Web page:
Energy authorities and the Federation of Thai Industries (FTI) are drafting a Thailand Integrated Energy Blueprint (TIEB) to set up a zero carbon emission goal in response to the growing trends of renewable energy and electric vehicles (EVs).
The plan is based on the 2018 Power Development Plan and the country's Oil Plan, Gas Plan, Alternative Energy Development Plan and Energy Efficiency Plan, all of which were introduced in 2018.
Kulit Sombasiri, permanent secretary for energy, said on Monday a deadline to attain the TIEB goals is yet to be determined, but it should not be too different from similar goals set in the US and EU, which have set 2050 as the date to achieve zero emissions, 10 years ahead of China.
"Before we determine a date, a long-term plan and list of actions must be clearly set," he said.
TIEB aims to cover the impact on oil refineries and the internal combustion engine (ICE) supply chain once growth in renewable energy and EV businesses has been realised.
Officials plan to consider other factors, including a huge surplus of power generation capacity in reserve that exceeds 40% of total capacity, electric and high-speed train system development, domestic natural gas depletion and 5G telecommunications development.
Mr Kulit expects energy officials and the FTI to complete the drafting process by April 2021.
Danucha Pitchayanan, secretary-general of the National Economic and Social Development Board, said energy authorities should prepare for the arrival of energy storage systems for renewable resources. The cost of these facilities, a key element for power trade among businesses and householders, is now almost as competitive as those for the fossil fuel-based state grid.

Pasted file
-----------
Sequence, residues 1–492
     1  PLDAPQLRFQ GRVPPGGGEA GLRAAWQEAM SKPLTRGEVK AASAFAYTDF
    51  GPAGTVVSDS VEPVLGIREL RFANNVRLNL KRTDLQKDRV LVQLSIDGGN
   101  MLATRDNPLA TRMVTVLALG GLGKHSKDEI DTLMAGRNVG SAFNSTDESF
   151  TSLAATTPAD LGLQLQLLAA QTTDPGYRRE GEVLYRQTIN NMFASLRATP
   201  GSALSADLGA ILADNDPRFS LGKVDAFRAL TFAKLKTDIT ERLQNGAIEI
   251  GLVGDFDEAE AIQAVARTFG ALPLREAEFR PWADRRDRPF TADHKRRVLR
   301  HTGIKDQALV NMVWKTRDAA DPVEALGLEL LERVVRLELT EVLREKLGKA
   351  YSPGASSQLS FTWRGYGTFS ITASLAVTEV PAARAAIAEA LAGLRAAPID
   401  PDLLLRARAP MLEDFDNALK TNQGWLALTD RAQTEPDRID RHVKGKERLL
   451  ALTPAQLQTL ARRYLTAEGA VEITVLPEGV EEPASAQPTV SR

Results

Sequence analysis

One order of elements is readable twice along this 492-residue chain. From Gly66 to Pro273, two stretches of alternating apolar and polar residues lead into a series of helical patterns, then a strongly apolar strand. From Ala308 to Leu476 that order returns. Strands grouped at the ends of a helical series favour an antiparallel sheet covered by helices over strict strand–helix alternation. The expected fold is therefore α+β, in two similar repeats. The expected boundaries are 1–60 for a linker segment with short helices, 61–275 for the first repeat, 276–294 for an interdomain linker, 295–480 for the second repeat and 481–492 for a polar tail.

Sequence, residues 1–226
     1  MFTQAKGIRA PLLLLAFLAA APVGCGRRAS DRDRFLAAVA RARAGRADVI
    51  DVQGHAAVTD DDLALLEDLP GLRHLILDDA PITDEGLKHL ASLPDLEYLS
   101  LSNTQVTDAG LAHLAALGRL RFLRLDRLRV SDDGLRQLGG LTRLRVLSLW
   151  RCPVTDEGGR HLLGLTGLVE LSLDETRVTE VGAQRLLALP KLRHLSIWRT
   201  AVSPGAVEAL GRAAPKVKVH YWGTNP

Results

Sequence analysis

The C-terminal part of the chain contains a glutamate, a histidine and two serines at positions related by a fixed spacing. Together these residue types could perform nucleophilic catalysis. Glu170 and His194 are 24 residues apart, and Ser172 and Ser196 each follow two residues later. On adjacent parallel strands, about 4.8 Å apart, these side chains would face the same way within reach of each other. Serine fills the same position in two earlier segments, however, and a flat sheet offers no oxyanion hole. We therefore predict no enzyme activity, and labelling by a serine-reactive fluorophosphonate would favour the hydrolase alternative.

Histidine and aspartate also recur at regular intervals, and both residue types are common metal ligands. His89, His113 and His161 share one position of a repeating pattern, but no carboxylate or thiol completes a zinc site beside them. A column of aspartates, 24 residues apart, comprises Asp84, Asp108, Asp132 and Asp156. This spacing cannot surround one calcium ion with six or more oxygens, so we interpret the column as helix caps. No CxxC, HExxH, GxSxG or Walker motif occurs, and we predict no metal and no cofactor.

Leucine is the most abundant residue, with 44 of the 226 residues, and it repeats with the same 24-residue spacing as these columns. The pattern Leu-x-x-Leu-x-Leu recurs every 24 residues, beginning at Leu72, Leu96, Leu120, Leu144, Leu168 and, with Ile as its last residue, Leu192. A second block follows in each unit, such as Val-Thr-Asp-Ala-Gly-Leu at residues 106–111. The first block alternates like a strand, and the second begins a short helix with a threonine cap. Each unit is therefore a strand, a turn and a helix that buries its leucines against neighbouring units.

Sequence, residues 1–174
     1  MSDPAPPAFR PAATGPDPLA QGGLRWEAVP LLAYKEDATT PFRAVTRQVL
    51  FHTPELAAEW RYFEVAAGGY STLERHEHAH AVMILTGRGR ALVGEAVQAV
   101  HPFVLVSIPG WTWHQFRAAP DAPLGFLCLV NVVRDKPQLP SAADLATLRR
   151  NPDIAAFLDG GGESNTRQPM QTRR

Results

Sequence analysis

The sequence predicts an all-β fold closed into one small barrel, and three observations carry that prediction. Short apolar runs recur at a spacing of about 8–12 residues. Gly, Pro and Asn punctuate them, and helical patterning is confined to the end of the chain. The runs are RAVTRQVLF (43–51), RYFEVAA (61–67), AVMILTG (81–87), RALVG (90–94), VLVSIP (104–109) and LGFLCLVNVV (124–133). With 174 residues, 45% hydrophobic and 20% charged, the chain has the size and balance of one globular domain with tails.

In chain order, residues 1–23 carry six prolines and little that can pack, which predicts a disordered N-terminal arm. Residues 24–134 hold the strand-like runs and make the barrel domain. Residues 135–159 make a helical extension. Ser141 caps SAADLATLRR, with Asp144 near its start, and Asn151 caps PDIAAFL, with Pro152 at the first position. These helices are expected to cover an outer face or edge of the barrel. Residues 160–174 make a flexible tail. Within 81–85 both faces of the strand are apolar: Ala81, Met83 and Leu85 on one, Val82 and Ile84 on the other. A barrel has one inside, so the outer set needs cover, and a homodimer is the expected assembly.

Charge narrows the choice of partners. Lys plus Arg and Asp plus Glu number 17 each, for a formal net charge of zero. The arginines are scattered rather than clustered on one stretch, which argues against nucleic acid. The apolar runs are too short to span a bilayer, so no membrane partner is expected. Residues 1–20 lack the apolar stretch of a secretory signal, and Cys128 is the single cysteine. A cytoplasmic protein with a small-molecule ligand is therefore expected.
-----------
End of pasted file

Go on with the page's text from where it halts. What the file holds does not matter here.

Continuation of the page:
The energy business model in the future will move towards independent power production by businesses and householders, he said.
"The private sector will increasingly play a major role in this sector and peer-to-peer power trade cannot be avoided," said Mr Danucha.
Energy will mainly derive from renewable fuels and liquefied natural gas, while dependence on coal and oil will continue to decrease, he said.
Sompote Ahunai, vice-president of FTI's Institute of Industrial Energy, said the FTI estimates if all 20 million ICE vehicles in Thailand were exchanged for EVs, the country would save up to 100 billion baht per year from spending on crude and refined oil imports. He said the government should use that money to set up a fund, valued at up to 2 trillion baht, over the next 30 years. Around 200 billion baht could be spent on the development of EV charging infrastructure and reducing the negative impact on the oil-powered vehicle supply chain, with the remainder for development projects.